Cam has returned alone from war in the foreign north, where Lord Ryuu, an Uplander, rules from his castle in Dorn-Lannet. No one in Kayforl is unaffected by Cam’s solo return. Their hero is much changed after his time in Uplander country. Besides missing his right arm, he has a dark side few can pierce.
The townsfolk badger him with questions about their missing loved ones, and ask why no other soldiers survived. He refuses to answer, pained by the memories of war. Pin, his sister, Graceful, his promised bride, and his best friend Ban, must deal with the suspicions surrounding Cam’s questionable reputation.
“ ‘And what did he see, do, all those years of fighting to come back half Uplander?’ Ardow was in very earnest. ‘Some say he fought for the Uplanders, not ours. Some say he killed all ours, else how did he come back so fine, horse and sword and all, Uplander in his ways?’ ”
Hinwood weaves complex story lines for the inhabitants of Kayforl. Pin, Graceful and Ban are brought together with other characters as Cam’s presence impacts them all. One of the most compelling scenes introduces young Acton, an orphaned boy whose father died in the wars. Acton stubbornly waits for days for an apology from Corban Farmer, the man who shot Acton’s dog for trespassing. Farmer, tormented by those who sympathize with Acton, has had the glass smashed out of his windows.
“The first light of day showed Corban Farmer walking about his yard. He kept bending down. Picking up glass, Acton realised, and felt a strange unease. Farmer paused and stared up at the ridge, at Acton. Anger crowded out any other feeling and, carried by it, Acton climbed atop the post and yelled, ‘You killed my dog, Corban Farmer!’ The man staggered, as if Acton’s words hit him bodily…”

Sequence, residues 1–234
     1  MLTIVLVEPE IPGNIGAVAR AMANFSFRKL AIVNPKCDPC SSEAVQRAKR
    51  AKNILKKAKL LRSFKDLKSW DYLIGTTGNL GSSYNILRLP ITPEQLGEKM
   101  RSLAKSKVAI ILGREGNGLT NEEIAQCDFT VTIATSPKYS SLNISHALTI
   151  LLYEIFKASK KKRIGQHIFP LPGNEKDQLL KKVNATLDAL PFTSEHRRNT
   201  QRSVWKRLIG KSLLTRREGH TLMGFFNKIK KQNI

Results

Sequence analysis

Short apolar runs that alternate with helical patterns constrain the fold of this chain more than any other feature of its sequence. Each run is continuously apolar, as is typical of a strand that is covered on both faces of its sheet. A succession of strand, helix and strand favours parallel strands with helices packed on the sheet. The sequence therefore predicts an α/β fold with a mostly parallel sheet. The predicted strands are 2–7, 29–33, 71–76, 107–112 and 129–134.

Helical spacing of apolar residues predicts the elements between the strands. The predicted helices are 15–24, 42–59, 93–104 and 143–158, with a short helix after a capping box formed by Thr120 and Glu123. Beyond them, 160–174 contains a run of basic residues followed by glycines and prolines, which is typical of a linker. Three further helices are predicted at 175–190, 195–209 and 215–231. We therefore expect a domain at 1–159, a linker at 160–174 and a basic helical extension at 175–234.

Cam himself must face his enemy, the man who took his arm – but not his life – the Lord’s son, Gyaar. Restless, he returns to Dorn-Lannet in an effort to heal his psychological battle scars. Cam’s journey unwittingly bring together the two worlds of north and south, the Uplanders and Downlanders of Kayforl.
Hinwood creates a new world for her readers, exquisitely describing the customs, dress, and speech of the Uplanders and Downlanders. She illustrates each facet of their lives, such as details of the Lord’s home, and the Lady’s robes of silk. The reader follows as Pin grows into a young woman and her coming of age ceremony is another example of a society richly detailed and designed by Hinwood. Unique poetic, lyrical language sets the story in its mythical time and place.
Bloodflower is a riveting epic fantasy for all ages, that is well worth the read.